The Making of Coke

To begin making coke a worker would loosely brick up the door of the coke oven. After this, the charging car, or larry as it is sometimes called, is brought in. This car ran on top of the ovens on narrow railroad tracks. Washed coal is dumped into the charging hole on top of the oven. The coal would then be leveled inside the oven.

After leveling the coal, the door is bricked up and sealed to exclude air. Only a small portion of the door will be left open to control the air flow.

The heat from the hot oven will cause the coal to begin smoking. Eventually the coal will burst into flame with a small puff or light explosion. At this point the door will be shut completely to prevent the coke from burning up too quickly. A charge usually burned for about 48 to 72 hrs.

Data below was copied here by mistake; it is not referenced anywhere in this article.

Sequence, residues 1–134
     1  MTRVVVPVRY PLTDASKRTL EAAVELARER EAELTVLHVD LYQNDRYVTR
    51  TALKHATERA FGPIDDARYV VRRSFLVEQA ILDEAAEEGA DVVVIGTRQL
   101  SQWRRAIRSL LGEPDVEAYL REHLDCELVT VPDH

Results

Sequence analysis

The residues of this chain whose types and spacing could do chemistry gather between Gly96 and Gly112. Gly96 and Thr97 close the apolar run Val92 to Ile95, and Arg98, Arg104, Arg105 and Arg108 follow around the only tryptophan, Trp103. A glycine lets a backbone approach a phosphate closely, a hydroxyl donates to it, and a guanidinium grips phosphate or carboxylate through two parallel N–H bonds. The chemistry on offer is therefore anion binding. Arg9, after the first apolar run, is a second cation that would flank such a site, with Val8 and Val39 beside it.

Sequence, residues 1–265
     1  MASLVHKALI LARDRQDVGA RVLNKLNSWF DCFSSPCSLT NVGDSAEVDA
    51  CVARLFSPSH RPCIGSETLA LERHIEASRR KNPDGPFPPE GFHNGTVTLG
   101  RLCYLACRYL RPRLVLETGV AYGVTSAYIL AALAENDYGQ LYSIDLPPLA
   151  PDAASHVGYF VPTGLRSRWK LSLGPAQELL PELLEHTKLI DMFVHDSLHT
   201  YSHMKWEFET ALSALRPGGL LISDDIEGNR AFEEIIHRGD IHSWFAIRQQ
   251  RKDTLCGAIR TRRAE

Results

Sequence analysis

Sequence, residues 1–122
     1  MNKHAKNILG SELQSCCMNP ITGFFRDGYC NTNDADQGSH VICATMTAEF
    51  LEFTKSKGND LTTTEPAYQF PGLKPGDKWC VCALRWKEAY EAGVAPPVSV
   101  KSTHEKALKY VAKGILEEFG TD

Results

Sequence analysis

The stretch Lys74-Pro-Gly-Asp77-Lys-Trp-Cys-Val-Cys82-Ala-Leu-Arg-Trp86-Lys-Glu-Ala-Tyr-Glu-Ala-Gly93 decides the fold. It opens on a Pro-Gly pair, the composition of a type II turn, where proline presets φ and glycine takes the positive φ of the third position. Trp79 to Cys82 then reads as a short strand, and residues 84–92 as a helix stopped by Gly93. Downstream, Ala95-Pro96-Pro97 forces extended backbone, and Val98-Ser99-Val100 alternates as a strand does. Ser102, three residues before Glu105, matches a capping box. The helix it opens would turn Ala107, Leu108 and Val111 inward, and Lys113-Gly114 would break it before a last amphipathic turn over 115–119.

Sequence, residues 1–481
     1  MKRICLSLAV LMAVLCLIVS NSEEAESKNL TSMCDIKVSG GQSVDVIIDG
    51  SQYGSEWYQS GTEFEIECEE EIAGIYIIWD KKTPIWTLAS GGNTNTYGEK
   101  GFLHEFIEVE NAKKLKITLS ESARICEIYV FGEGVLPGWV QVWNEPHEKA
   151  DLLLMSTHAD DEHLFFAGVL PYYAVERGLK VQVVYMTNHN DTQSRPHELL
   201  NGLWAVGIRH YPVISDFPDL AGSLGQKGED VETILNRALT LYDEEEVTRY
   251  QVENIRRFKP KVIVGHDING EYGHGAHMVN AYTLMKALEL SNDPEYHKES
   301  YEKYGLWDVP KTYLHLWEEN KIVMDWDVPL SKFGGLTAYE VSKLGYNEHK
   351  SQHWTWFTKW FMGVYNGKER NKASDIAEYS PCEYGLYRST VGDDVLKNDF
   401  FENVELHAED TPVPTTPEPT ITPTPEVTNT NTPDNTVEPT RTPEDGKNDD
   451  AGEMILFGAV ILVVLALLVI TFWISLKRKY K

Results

If an oven door is opened too quickly, the air will cause the coke to be burned up immediately. For this reason, the coke must be quenched with water before it is removed from the oven. Watering an oven took from ¾ to 1 hour to complete.

After the coke has been quenched the “puller” will remove the door and break the coke up as he pulls it out of the oven. The coke will then be loaded onto railroad cars. The railroad tracks for these cars were located in front of the ovens, where this ramp is located.